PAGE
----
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The present law relating to Involuntary Manslaughter serves neither the defendant nor the criminal justice system. Discuss (50 marks)

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Transfer-Encoding: chunked ?The present law relating to involuntary MSL serves neither the defendant nor the criminal justice system? Involuntary Manslaughter (MSL) is defined as an unlawful killing where the defendant (D) has no malice aforethought express or implied (to kill or cause GBH) which is required for murder. There are 3 ways of committing involuntary MSL: Unlawful Act MSL, Gross negligence MSL and reckless MSL. For D to be liable for unlawful (unl) act MSL D must commit an unl act which is dangerous and causes the victim?s (V)?s death. D must also intend to commit the unlawful act. An unl act is defined as a criminal offence. This is illustrated in the case of Franklin 1883) where D was acquitted after throwing a box into the sea which hit and killed a swimmer, as this was held to be a civil wrong which is not enough to create liability. This was also seen in Lamb (1967) where D shot his friend who didn?t think the gun would fire; this wasn?t assault as his friend feared no violence thus wasn?t an unl act. The unl act doesn?t have to be serious as seen in Larkin (1943) where the appellant waved a cut throat razor to scare another but instead scared V who fell onto it and died; D was convicted as this was deemed to be assault. ...read more.


where D owed a duty of care to look after her sister who was a heroin addict. Lastly, D will owe a duty of care in a dangerous situation which they have created, they have a duty to prevent harm escalating any further under the Miller principle from the case of Miller (1983) where D failed to take reasonable steps and put out a fire he accidentally set. This duty must be breached negligently and in doing so cause V?s death. The same rules of causation apply. For example in Adamako (1994) D was convicted for failing to realise his patient?s breathing tube had become dislodged causing V to die. In Singh (1999) D not fixing the fire caused his tenants to die thus breaching his duty to them. Lastly, this breach must be considered ?gross? thus a criminal act. In Bateman (1925) D?s conviction was quashed after not sending V to a hospital after part of her uterus came away during childbirth and she died 5 days later as he was deemed to act as a reasonably competent doctor; to be liable he would?ve had to fall below the standard of care expected of him from his position. This was confirmed in Adamako (1994) where D not realising the breathing tube had become dislodged within 15seconds was considered abysmal thus below the standards of a competent doctor. ...read more.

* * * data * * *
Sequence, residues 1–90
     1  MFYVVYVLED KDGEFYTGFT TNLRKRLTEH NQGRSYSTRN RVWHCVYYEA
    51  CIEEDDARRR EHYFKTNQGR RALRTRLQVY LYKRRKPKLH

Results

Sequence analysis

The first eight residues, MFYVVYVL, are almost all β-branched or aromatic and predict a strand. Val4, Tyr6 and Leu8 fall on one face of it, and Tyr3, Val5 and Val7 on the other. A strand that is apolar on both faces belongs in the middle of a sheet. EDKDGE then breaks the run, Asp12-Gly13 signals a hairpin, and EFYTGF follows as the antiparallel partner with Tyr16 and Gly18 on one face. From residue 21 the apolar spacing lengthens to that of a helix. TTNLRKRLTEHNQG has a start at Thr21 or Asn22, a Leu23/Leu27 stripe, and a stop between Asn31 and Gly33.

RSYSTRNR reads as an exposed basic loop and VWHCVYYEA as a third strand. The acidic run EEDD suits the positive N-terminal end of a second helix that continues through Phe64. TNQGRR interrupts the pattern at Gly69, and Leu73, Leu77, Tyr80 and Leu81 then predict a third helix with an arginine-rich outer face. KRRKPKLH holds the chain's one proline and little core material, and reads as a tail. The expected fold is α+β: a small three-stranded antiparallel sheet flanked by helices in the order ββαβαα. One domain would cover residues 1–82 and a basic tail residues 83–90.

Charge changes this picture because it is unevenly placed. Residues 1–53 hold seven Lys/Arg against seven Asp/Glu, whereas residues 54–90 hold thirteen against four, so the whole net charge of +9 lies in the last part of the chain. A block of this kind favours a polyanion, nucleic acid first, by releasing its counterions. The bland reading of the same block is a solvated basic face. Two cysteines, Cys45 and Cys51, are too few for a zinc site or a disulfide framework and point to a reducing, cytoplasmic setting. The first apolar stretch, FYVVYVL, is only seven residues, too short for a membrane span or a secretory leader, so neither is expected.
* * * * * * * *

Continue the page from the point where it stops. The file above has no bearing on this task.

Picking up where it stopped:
Thus the law com suggested the removal of it in their 2006 report stating that the worst offences would fall under second degree murder and the less serious would fall into the category of GNL MSL. However arguably the this leads to the issue of if being difficult to prove if D was or wasn?t aware of the risk in cases such as Lidar (2000), which could?ve easily been GNL MSL as technically he owed a duty to other road users under the Road Traffic Act 1988, therefore this reform would also fail to serve D and the CJS as there?s a huge difference between sentencing depending on whether D was able to appreciate the risk or not; therefore even if reforms took place the law on involuntary MSL still has issues. Overall, the present law on involuntary MSL serves neither D nor the CJS and is in need of urgent reform as firstly, UNL act MSL allows D to be liable even if they didn?t foresee the risk of danger from their act, GNL MSL leads to inconsistency and unfairness and reckless MSL is hard to distinguish from the others. The main issue however is that despite different levels of blameworthiness and MR over the 3 types all result in the same conviction. Therefore the law as it stands is too wide to serve D or the CJS and thus the statement is accurate. ...read more.

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